It takes one year for human remains to decompose in the above ground tombs of New Orleans cemeteries. These vaults are an example of Spanish influence on the city. Before then citizens tried various methods of interring the deceased but nothing worked because the city built on a swamp is prone to flash floods. Flooding would cause buried coffins to pop out of the ground and float into the streets of the city. Not good. New Orleans cemeteries adapted to this method creating a unique series of tombs and vaults which look like miniature cities, cities of the dead.
New Orleans is a great example of a city which celebrates its cultural heritage by preserving its past. Gone but certainly not forgotten. There are no less than 42 cemeteries in the metropolitan New Orleans area. Many remain highly visited tourist attractions. The largest cemetery is Lake Lawn Metairie Cemetery but the most famous is St. Louis Cemetery Number One, the burial place of Voodoo Queen Marie Laveau. During her life she was revered for her legendary voodoo powers and remains so to this day.
Her grave is encircled with gift offerings from believers and non believers making the pilgrimage to visit her tomb in exchange for blessings. A cluttered pile of odd offerings at the foot of the grave the day I visited consisted of feathers, gum, dolls, beads, flowers and even booze. I’m imagining some arrived ill prepared and just left whatever they had on them. The markings you see on the tomb are little x’s but our tour guide discouraged it seeing it as vandalism. He suggested to knock three times on the tomb instead. Somehow I just knew I would receive a response if I did. I didn’t want to bring anything back home with me other than these wonderful photos so I did not knock.
The St. Louis Number One is the oldest continuously operating cemetery in New Orleans. The tombs and vaults range in both size, condition and decor from concrete to brick or wrapped in wrought iron. The largest belong to the wealthiest or are community vaults designed to share the cost of maintenance. On its outer walls the cemetery has vaults available for rent to help out those who can’t afford a tomb. A few world famous buried there are chess champion Paul Morphy, activist Homer Plessy, the family of impressionist artist Edgar Degas. Actor Nicolas Cage’s pyramid shaped tomb also draws big crowds.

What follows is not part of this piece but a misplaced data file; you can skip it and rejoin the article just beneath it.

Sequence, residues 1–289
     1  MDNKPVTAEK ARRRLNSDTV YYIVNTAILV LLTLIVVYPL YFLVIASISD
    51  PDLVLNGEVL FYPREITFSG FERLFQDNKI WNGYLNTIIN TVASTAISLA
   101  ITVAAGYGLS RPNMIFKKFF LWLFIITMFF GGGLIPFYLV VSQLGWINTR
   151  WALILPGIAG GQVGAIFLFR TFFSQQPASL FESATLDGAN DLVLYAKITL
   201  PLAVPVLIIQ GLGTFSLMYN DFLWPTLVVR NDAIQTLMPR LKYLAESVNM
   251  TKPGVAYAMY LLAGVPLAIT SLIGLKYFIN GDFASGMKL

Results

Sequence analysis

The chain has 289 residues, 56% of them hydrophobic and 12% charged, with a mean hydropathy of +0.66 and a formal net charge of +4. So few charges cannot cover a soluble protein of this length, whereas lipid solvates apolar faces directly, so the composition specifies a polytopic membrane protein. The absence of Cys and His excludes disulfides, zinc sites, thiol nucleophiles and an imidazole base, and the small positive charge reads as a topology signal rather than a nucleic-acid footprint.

Visiting NOLA Cemetery Tips
– Take a tour. You will learn so much about the city’s rich history rather than looking at a bunch of names on graves you’ve never heard of. I did the New Orleans Voodoo Cemetery tour which contributes a portion of its proceeds to maintain the site.
– Go in a group. Some of the cemeteries are in worse shape than others and you may run into a dead end and get lost. It was also recommended to me because there have been instances of muggings in the more solitary locations.
– Take an umbrella. It gets really really really hot especially during the summertime months. An umbrella will help shield you from the bright sun.
– Bring water. When I was exiting the cemetery I bumped into someone selling water bottles in front of the cemetery but he was not there when I arrived. There are no fountains and it gets extremely hot when the sunlight reflects off the vaults.
– Plan accordingly. Not everyone can handle walking in the sun during hot weather. There were a few people who left our tour early because they were not prepared nor used to extreme heat.
Have you visited a NOLA cemetery?
I posted more photos than usual in this post. Do you prefer having more or less photos?
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